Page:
Santa Rosa del Lima o la capital del mundo (Hay Festival Comunitario) por William Navarrete

Santa Rosa del Lima o la capital del mundo (Hay Festival Comunitario) por William Navarrete

Vamos a Santa Rosa de Lima, uno de los pueblos que el HAY Festival ha escogido para su programa del HAY Comunitario. Está a una hora de Cartagena, en la provincia de Bolívar. En esa trastierra el calor es sofocante. Basta ver la reverberación tras los cristales del auto para adivinar que es un monstruo con lengüetas de fuego lo que nos espera afuera. Me dejo ganar por la añoranza del campo cubano. El viaje es un túnel del tiempo en el que veo los mismos gallinazos que en la Isla llamamos ‘‘auras tiñosas’’, la misma gente afanándose al borde de la carretera, los árboles con sus troncos a medio pintar de blanco, el ganado de mirada extraviada por tanto calor … esa sensación de tierra una y mil veces conquistada y siempre por conquistar.

My job is stories | Steven Camden aka Polarbear

My job is stories | Steven Camden aka Polarbear

My job is stories.

I am lucky enough to write and speak stories for the page, screen, stage and radio.

I have been all over the world because the stories I tell, visited festivals, spoken on panels, sat on Breakfast TV couches, recorded garbled sound bite promos down expensive camera lenses.

El Hay privado por Sergio del Molino

El Hay privado por Sergio del Molino

Supongo que hay muchos Hay, pero se pueden resumir en dos. Está el Hay del público que llena los actos, que aplaude, que se ríe, que celebra la ocasión de cruzar unas palabras con sus autores preferidos, y el Hay casi privado, el de los escritores invitados, esa comunidad efímera y extrañamente fraternal que durante unos días convive y ríe y celebra también la ocasión de cruzar unas palabras entre sí. Y de compartir mesa y mantel, o copa, en alguno de los cócteles y fiestas. Tal vez suene frívolo, y seguramente lo sea, pero mis recuerdos de los Hay pertenecen a ese rincón privado donde, por unos días, me siento parte de una comunidad paradójica, porque está formada por individualistas que dedican muchos esfuerzos a distinguirse unos de otros.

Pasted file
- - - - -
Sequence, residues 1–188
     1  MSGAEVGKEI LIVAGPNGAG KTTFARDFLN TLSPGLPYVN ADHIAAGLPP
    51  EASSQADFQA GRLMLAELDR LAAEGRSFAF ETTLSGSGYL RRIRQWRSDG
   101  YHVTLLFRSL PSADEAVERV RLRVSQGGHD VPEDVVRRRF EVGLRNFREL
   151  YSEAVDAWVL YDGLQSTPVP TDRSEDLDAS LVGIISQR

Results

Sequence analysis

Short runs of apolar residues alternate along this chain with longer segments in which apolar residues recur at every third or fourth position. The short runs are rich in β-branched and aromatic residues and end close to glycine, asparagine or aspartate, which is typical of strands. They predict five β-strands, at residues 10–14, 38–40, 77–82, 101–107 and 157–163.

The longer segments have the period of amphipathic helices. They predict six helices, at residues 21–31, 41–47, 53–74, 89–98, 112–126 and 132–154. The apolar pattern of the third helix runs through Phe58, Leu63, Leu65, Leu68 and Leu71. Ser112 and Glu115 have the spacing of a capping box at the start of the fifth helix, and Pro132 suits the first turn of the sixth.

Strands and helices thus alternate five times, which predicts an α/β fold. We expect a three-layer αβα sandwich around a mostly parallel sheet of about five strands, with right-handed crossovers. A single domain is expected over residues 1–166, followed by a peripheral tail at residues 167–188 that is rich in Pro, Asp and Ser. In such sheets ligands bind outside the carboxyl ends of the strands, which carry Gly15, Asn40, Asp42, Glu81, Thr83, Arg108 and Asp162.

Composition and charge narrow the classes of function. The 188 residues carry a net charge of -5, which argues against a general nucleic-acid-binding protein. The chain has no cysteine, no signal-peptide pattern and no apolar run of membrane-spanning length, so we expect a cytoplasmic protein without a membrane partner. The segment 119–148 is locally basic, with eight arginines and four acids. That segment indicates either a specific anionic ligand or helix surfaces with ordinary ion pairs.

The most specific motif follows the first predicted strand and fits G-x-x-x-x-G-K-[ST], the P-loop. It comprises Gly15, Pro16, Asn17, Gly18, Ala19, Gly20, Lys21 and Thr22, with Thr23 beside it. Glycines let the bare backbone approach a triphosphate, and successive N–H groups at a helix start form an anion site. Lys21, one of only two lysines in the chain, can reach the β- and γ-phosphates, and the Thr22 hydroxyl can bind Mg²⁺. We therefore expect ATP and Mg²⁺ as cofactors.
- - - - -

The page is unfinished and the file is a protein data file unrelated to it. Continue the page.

Without waiting for an invitation by Lisa McInerney

Without waiting for an invitation by Lisa McInerney
What a difference a few short years makes! I’d only ever been to one literary festival before I was published, and that was because a friend had a spare ticket. I thought that literary festivals weren’t for me. Not in terms of personal preference — in terms of personal preference literary festivals were absolutely for me — but rather that they weren’t for the likes of me.

FIRED UP BY LITERATURE | Daniel Morden, Hay Festival Scribblers Tour 2018

FIRED UP BY LITERATURE | Daniel Morden, Hay Festival Scribblers Tour 2018

According to The National Literacy Trust three-quarters of a million (770,129) UK school children don’t own a book. Of these children, those who receive free school meals, boys of all ages and teenagers are the most likely to say they have no books of their own at home.

The research report, Book ownership and reading outcomes, found that children who own a book are 15 times more likely to read above the level expected for their age and are four times less likely to read below the expected level.

These things don't happen to a village boy like me | ERIC NGALLE CHARLES, HAY FESTIVAL SCRIBBLERS TOUR 2018

These things don't happen to a village boy like me | ERIC NGALLE CHARLES, HAY FESTIVAL SCRIBBLERS TOUR 2018
I first came to the Hay festival in 2016 with Pen Cymru, I was overwhelmed by the vastness of the place and the diversity of events that was taking place. I was lucky to do a short performance piece with Pen Cymru and met wonderful writers including Oliver Balch and Owen sheers. I was interviewed and did a Shakespearean piece on King Richard the second which is currently available on the Hay Festival website, that was my first experience of the Hay festival.